Since the recession began, more than 4 million homes have been foreclosed upon. If you're one of the homeowners whose home was or is being foreclosed upon, you may be wondering what's going to happen next. How long will the foreclosure process take and how will it impact your financial future? This guide can help.
How long will the foreclosure process take?
The foreclosure process varies from state to state, but in general, borrowers can expect a warning phone call or letter from their lender when they are 30 days or more late with their monthly payment. After about three months or more of missed payments, your lender will send a “demand letter' or “notice to accelerate,' which outlines the amount you are delinquent and the date you must pay that amount by; should you not pay by the date, the lender will start foreclosure proceedings. Once that happens, the lender's attorney will schedule a date for the sale of your home (this is the technical day of the foreclosure), which can sometimes take as little as two to three months, though it often takes longer. In some states, at the time of the foreclosure sale, you lose all rights to your home; other states have a redemption period during which you have one more chance to pay your debts and reclaim your home. From the first missed payment to foreclosure and redemption period, the entire process will likely take more than a year.
Will a foreclosure impact my credit score?
Unfortunately, a foreclosure hurts your credit score, which means that it will be harder and sometimes impossible to get credit cards and loans in the coming years and that you can expect to pay higher interest rates. Plus, some employers look at your credit score, which means that it may make it more difficult to land a job.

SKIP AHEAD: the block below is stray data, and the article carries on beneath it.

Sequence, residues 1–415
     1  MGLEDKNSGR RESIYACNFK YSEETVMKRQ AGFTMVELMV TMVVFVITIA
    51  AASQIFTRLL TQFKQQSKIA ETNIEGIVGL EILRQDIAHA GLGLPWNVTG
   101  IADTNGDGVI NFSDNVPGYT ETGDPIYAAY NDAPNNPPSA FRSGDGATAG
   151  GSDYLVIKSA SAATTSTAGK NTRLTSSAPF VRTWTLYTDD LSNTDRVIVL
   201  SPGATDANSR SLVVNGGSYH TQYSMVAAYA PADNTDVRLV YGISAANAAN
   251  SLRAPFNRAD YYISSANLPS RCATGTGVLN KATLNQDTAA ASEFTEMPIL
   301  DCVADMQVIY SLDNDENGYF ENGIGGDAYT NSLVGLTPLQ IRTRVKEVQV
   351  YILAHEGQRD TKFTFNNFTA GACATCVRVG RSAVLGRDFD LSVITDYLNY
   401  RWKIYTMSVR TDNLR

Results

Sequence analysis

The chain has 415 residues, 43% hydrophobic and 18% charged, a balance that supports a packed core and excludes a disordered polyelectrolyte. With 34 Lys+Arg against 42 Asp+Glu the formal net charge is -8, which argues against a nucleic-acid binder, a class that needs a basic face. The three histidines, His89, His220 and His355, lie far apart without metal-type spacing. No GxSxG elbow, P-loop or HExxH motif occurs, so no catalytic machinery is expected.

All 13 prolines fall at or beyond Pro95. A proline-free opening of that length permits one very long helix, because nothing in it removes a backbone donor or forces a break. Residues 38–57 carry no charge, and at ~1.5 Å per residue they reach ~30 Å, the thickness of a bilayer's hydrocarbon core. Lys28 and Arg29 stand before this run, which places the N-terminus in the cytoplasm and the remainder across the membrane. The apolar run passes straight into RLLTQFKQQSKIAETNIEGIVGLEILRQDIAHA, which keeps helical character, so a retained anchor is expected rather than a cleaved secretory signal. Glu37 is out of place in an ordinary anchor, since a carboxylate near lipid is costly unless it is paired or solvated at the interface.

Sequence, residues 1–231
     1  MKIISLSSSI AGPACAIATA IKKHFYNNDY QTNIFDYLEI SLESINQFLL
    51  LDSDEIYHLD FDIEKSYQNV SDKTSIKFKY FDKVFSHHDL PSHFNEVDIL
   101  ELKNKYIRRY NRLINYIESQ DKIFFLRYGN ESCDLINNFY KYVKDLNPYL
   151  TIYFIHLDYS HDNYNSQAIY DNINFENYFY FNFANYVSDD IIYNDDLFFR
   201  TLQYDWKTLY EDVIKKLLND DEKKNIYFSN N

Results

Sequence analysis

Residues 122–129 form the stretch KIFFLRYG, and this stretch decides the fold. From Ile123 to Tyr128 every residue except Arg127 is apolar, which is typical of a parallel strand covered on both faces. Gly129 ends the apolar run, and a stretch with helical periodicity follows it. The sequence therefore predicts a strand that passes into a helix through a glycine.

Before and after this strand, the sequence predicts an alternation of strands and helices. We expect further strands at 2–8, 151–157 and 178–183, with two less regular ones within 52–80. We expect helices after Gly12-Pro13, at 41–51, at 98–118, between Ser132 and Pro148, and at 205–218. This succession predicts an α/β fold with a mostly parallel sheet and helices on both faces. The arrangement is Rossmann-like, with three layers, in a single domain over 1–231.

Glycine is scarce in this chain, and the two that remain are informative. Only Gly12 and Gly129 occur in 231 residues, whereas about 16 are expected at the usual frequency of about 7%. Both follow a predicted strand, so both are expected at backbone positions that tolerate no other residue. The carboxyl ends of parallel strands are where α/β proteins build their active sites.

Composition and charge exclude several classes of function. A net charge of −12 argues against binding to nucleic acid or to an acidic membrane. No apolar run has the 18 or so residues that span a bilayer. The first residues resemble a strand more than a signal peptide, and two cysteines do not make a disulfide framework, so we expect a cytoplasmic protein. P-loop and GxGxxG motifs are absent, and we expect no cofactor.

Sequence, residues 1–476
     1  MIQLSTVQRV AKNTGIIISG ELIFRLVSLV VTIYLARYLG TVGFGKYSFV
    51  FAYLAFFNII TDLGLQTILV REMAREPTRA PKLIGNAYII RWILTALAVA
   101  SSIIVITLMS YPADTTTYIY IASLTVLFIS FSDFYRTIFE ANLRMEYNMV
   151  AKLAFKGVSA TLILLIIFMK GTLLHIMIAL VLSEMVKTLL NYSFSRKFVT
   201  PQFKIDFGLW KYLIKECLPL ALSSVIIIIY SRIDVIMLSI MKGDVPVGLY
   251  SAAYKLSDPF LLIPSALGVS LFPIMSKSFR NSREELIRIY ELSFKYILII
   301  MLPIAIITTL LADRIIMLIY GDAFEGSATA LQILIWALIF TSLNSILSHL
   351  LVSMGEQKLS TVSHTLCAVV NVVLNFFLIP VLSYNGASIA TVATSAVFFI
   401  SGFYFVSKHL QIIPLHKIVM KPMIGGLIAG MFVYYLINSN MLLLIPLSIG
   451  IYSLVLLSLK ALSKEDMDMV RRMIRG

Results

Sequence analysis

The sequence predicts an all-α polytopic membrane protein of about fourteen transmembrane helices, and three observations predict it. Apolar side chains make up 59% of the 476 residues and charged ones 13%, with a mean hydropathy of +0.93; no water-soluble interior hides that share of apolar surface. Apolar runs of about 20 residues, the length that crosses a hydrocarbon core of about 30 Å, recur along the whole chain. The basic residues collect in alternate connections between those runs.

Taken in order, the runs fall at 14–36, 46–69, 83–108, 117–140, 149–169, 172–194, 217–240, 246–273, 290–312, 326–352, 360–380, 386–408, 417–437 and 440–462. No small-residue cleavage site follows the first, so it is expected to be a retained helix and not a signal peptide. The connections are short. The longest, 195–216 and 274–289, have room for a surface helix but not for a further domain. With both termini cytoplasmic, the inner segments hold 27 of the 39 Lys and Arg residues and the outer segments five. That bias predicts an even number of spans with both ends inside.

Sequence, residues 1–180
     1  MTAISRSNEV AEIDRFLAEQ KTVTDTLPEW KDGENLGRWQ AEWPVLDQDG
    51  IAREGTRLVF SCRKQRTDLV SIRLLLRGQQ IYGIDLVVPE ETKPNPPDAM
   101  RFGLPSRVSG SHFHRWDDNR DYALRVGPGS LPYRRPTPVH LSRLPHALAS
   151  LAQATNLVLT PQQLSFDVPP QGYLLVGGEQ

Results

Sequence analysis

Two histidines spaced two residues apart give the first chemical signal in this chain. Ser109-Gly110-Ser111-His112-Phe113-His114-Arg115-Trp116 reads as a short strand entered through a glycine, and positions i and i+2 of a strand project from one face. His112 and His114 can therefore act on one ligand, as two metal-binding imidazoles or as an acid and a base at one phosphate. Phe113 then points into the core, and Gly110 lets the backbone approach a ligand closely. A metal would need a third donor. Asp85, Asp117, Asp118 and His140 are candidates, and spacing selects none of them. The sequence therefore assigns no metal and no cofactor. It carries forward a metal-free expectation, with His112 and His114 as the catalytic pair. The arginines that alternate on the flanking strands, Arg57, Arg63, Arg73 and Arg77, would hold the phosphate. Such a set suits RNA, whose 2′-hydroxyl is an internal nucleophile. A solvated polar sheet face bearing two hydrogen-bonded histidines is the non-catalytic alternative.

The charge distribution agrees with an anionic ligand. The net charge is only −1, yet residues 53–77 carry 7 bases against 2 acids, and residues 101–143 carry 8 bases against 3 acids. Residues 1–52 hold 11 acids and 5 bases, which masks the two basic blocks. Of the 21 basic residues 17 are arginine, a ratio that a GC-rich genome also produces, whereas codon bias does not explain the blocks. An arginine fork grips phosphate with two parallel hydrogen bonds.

Experts estimate that a foreclosure will lead to a dip in your credit
score of about 200 or 300 points. So let's say you had a near-perfect 800 FICO score pre-foreclosure; after the foreclosure, you might have a credit score that was more in the 600 or lower range, which is considered bad (FICO scores range from 300 to 850).
The good news is that foreclosures will clear your credit report after seven years, and that if it was an isolated incident -- you didn't also default on a bunch of other payments -- it won't have as large of an impact on your credit score. Going forward, try to pay all of your bills on time and minimize the amount of money you owe, as these can help boost your credit score.
How long do I have to wait until I can buy a home again?
If you've been through a foreclosure, you can expect to have to wait between about three and seven years -- depending on why you defaulted, your current credit score and the type of loan you're applying for, among other factors -- before buying a home again. Buyers who lost their homes due to economic hardships such as losing their job, illness or getting a divorce may have to wait less time to buy a home than those who walked away from an underwater mortgage even though they were able to pay or those who couldn't pay once the rate increases on their adjustable-rate mortgage kicked in, experts say. Potential buyers must show that since the foreclosure they have raised their credit score significantly by paying all bills on time and not taking on too much debt. The time period you have to wait before buying again also depends on your lender. For example, Fannie Mae requires borrowers to wait five to seven years to buy after a foreclosure and three to seven after a foreclosure with “extenuating circumstances' (which are factors such as illness and severe injury that were beyond your control).